Dr. Marlow then took to the floor to provide the audience with details about her first-year writing course. Dr. Marlow explained that she considers the first-year writing classroom as an environment where students can be both welcomed to the college and provided with essential writing skills that will serve them well throughout their time at college and in their future endeavors. Dr. Marlow began her journey in this collaboration by addressing the research question of “Does a flipped first-year writing classroom help facilitate transferable knowledge of the writing process?” In her research, Dr. Marlow found that leading scholars on the subject attest that transfer is indeed possible and that teaching for transfer was a realistic goal. In the field of rhetoric and composition, Dr. Marlow discovered that there was a dearth of research when it came to its connection with transfer. She continued by detailing the concept of the flipped classroom. Dr. Marlow explained that, in a flipped classroom environment, the teacher acts very much as a guide on the side rather than being the central focus of the class. Another difference is that activities and assignments that are usually done at home are instead carried out in class. Outside of the classroom, students engage in watching online lectures, discussions and other multimedia based activities. In Dr. Marlow’s first-year writing class, this was the case too; the act of writing was saved for the classroom, while discussion and delivery of other course-related material was worked on outside of the classroom. Dr. Marlow used the web-based writing program in each lesson to encourage her students to write a minimum of 750 words per class, on top of the essays and other writing projects that the students had. The online peer-review platform ‘Elireview’ was also used in the classroom. Dr. Marlow explained that this website was useful in the respect that it helped her students to become more critical thinkers and better writers after having revised their work based on peer feedback. The process helped Dr. Marlow’s students to become more effective metacognitive learners. By inverting the classroom, Dr. Marlow hoped to create a distraction free writing zone for her students. In the spirit of flipping, Dr. Marlow also changed the order of the assignments and projects. Normally, the students start with what are considered to be more personal and exploratory pieces, before eventually ending with a researched essay. However, in the flipped classroom, the students were set the researched essay at the beginning of the semester. One of Dr. Marlow’s main objectives were for her students to learn how to ‘follow a citation trail’ from the bibliography of a previously assigned reading.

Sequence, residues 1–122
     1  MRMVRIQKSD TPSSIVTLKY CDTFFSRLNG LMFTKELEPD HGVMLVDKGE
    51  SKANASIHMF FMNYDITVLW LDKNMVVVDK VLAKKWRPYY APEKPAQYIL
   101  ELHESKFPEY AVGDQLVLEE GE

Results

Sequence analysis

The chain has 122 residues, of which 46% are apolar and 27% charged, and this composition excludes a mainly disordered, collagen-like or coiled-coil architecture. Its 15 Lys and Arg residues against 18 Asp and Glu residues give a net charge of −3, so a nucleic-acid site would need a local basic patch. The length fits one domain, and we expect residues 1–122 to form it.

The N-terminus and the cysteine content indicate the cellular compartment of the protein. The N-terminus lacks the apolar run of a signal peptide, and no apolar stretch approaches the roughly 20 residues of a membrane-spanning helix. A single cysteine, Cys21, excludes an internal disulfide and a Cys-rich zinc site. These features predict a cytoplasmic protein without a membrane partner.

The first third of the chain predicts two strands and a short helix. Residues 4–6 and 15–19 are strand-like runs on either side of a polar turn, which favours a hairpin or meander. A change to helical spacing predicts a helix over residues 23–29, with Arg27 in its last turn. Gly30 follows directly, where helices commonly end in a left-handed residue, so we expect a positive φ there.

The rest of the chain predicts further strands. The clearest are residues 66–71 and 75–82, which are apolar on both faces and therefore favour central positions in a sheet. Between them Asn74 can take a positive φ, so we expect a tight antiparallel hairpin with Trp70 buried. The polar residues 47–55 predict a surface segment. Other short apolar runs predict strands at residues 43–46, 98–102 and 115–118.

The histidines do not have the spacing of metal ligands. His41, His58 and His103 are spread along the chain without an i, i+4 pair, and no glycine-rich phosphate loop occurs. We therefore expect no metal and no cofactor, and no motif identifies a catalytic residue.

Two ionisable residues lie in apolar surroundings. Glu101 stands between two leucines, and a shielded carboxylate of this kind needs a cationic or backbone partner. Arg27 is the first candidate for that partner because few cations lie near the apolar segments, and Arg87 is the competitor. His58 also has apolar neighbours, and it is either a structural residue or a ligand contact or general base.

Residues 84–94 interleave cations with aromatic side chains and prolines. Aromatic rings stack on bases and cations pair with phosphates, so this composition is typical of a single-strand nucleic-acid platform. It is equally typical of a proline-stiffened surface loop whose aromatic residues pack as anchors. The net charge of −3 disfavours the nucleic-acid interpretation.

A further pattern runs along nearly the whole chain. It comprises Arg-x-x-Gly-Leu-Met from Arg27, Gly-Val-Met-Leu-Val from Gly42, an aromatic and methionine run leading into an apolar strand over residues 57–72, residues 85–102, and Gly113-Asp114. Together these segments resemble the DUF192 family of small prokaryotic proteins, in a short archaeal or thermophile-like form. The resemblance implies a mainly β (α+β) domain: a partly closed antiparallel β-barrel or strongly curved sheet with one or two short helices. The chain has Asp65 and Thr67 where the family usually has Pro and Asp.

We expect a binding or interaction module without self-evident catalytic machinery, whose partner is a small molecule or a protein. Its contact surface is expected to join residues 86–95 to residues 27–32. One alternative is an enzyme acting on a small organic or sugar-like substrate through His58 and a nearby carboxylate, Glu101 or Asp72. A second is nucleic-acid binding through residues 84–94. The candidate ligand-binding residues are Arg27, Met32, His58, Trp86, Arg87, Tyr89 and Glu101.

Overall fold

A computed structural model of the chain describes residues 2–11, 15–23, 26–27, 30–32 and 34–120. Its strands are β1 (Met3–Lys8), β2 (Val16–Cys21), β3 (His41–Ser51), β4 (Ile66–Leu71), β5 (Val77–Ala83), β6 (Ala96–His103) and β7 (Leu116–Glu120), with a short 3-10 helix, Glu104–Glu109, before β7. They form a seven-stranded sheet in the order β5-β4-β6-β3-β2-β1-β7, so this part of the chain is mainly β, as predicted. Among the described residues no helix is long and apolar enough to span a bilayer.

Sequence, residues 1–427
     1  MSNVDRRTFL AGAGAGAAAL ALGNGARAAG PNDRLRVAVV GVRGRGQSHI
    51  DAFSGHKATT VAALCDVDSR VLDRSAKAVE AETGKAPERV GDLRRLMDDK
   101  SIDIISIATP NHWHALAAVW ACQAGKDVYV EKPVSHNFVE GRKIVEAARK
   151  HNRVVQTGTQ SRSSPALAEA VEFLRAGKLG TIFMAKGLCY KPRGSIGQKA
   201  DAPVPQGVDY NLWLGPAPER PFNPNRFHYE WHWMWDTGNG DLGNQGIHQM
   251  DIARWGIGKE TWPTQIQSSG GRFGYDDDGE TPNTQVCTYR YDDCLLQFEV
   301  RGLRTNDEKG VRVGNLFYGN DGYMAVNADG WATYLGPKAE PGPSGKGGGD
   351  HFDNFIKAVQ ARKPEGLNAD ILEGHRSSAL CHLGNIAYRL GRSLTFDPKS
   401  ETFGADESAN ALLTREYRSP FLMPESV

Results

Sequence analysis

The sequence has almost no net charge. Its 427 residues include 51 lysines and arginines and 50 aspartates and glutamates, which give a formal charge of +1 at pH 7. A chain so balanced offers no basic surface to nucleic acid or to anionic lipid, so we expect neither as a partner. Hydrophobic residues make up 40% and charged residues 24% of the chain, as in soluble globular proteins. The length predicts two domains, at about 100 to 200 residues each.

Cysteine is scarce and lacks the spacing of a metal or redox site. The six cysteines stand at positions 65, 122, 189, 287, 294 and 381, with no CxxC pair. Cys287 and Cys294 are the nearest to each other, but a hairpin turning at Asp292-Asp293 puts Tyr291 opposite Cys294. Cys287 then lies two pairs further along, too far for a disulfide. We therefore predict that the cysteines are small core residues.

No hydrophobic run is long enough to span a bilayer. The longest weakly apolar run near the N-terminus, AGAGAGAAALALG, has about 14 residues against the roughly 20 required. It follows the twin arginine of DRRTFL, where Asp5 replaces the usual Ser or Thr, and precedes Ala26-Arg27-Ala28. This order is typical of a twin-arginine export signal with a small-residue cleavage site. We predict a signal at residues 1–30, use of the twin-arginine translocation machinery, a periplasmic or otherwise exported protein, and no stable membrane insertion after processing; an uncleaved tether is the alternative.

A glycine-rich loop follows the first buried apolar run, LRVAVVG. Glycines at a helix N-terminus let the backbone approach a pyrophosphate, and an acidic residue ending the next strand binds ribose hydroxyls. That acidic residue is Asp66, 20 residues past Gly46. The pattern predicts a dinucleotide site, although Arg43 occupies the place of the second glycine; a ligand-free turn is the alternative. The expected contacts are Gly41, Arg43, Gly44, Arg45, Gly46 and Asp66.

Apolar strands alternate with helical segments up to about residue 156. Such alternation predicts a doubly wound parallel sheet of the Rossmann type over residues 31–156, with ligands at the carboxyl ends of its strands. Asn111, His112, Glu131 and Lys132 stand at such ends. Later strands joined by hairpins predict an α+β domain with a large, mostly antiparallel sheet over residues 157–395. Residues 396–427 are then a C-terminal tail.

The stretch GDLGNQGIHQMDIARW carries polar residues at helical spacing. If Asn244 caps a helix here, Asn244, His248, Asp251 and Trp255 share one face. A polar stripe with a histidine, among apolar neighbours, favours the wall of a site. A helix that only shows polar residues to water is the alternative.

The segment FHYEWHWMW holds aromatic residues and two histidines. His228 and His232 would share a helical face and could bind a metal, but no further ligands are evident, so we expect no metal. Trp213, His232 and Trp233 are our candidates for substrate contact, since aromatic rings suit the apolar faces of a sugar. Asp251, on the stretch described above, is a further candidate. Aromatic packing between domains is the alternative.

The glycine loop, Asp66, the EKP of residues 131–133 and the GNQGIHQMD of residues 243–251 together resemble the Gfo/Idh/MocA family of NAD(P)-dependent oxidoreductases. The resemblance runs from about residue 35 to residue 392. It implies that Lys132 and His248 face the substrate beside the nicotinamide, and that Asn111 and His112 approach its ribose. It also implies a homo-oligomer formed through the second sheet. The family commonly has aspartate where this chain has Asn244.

Koonz stepped back in to detail his findings from a report that shed light on students’ struggles with research. There are a whole of issues that students encounter when making the leap from high school research to college resarch: students can have trouble coming up with key words, they can find it difficult to winnow out the good research from the bad research, and there is, as well, an over reliance on using Google and Wikipedia as search tools. Koonz found that students do, however, make their own adaptations when confronted with their first research assignment at college: many students start to use Google Scholar, which is a more appropriate academic resource, they learn to read abstracts to decipher the value of articles, and they also follow the citations in their articles to find other, similar resources.  Koonz admitted that he was impressed with these self-made adaptations, but affirms that the process is still disjointed and uncoordinated without expert help (which librarians can provide).  Koonz continued by explaining that during research assignments, the teacher will contact the library and often set-up a meeting between the students and the library instructors. This can be a difficult process because the librarians often have no prior relationships to speak of with both students and teachers. There is also the issue of trying to provide the most useful, relevant library instruction within the limited timeframe. Another aspect that is problematic for library instructors is that of assessment; it is particularly difficult to get assessment data back with this model.  Koonz went to say that, after reading for ProVisions over the summer, he concluded that the concept of flipped classrooms was the perfect model for library instruction. After having contacted Dr. Marlow, it was decided that the pair would test the model in her first-year writing class. For Dr Marlow’s class, Koonz explained that he, first, familiarized himself with the students’ assignments, and then proceeded to create a series of instructional videos to help those students make use of the library resources. After the students had watched the videos, Koonz came to the classroom where he helped to answer questions and offer suggestions while they worked on their assignments. Through this opportunity in Dr. Marlows’ class, Koonz stated that he was able to resolve those previous inherent challenges of library instruction: for the students, the videos helped to create a familiarity with Koonz before entering the classroom, there was also now ample time to relay instruction, and assessment became all the more straightforward with Koonz able to see, in person, how the students were faring, and in what areas they needed help. Koonz concluded by explaining how positive the flipped classroom experience was, as well as sharing his optimism that the model could work in a wide range of different course in the future.